October 1st, 2012October 1, 2012 Advancements in technology have been making vehicles safer to drive for years, but could the newest advancement in driving technology be not driving at all? Google seems to think so and have started testing their self-driving cars on California roads. According to the | Los Angeles Times, California Governor Jerry Brown has signed State Bill 1298 into law, which created guidelines that says the testing will:
- Create safety and performance standards for self-driving vehicles
- Require autonomous vehicles to meet all standards of manually operated vehicles
- Require licensed drivers to be at the wheels of the automated vehicles
- Establish the right of the California Highway Patrol and Department of Motor Vehicles to recommend additional legislation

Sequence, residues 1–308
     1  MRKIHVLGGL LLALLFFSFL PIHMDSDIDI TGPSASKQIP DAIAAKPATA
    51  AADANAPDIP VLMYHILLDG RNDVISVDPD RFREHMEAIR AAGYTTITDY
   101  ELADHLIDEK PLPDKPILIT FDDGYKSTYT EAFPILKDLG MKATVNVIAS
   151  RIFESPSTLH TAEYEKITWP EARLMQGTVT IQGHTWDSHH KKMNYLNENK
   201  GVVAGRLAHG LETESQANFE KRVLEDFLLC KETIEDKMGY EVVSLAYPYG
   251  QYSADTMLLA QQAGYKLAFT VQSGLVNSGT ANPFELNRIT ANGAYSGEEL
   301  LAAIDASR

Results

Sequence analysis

June 19th, 2012June 18, 2012 Last year, according to the National Highway Traffic Safety Administration (NHTSA), more than 32,000 people were killed as a result of motor vehicle traffic safety collisions. In an effort to curb this number, technology is being researched by the auto industry that would prevent accidents before they occur. One such piece of technology that was recently demonstrated at a safety seminar was Vehicle-to-Vehicle Communication (V2V). According to The San Francisco Chronicle, this allows cars to talk to other surrounding vehicles equipped with the same technology within 1,000-feet to help avoid a | California Car Accident. In the demonstration, a Ford Taurus narrowly avoids being T-boned at an intersection thanks to alarms and lights set off by V2V, warning the driver to stop, after a light turns red and the view of a vehicle passing through the intersection along the perpendicular road is blocked by a parked truck. Furthermore, advanced versions of the technology do not depend on the driver to hit the pedals. It can actually stop the vehicle itself if it detects imminent danger. An administrator for the NHTSA, David Strickland, claims V2V, “ is our next evolutionary step … to make sure the crash never happens in the first place, which is, frankly, the best safety scenario we can all hope for.” The California Personal Injury Lawyers at Berg Injury Lawyers are hopeful to see more technology that saves lives being implemented by the auto industry.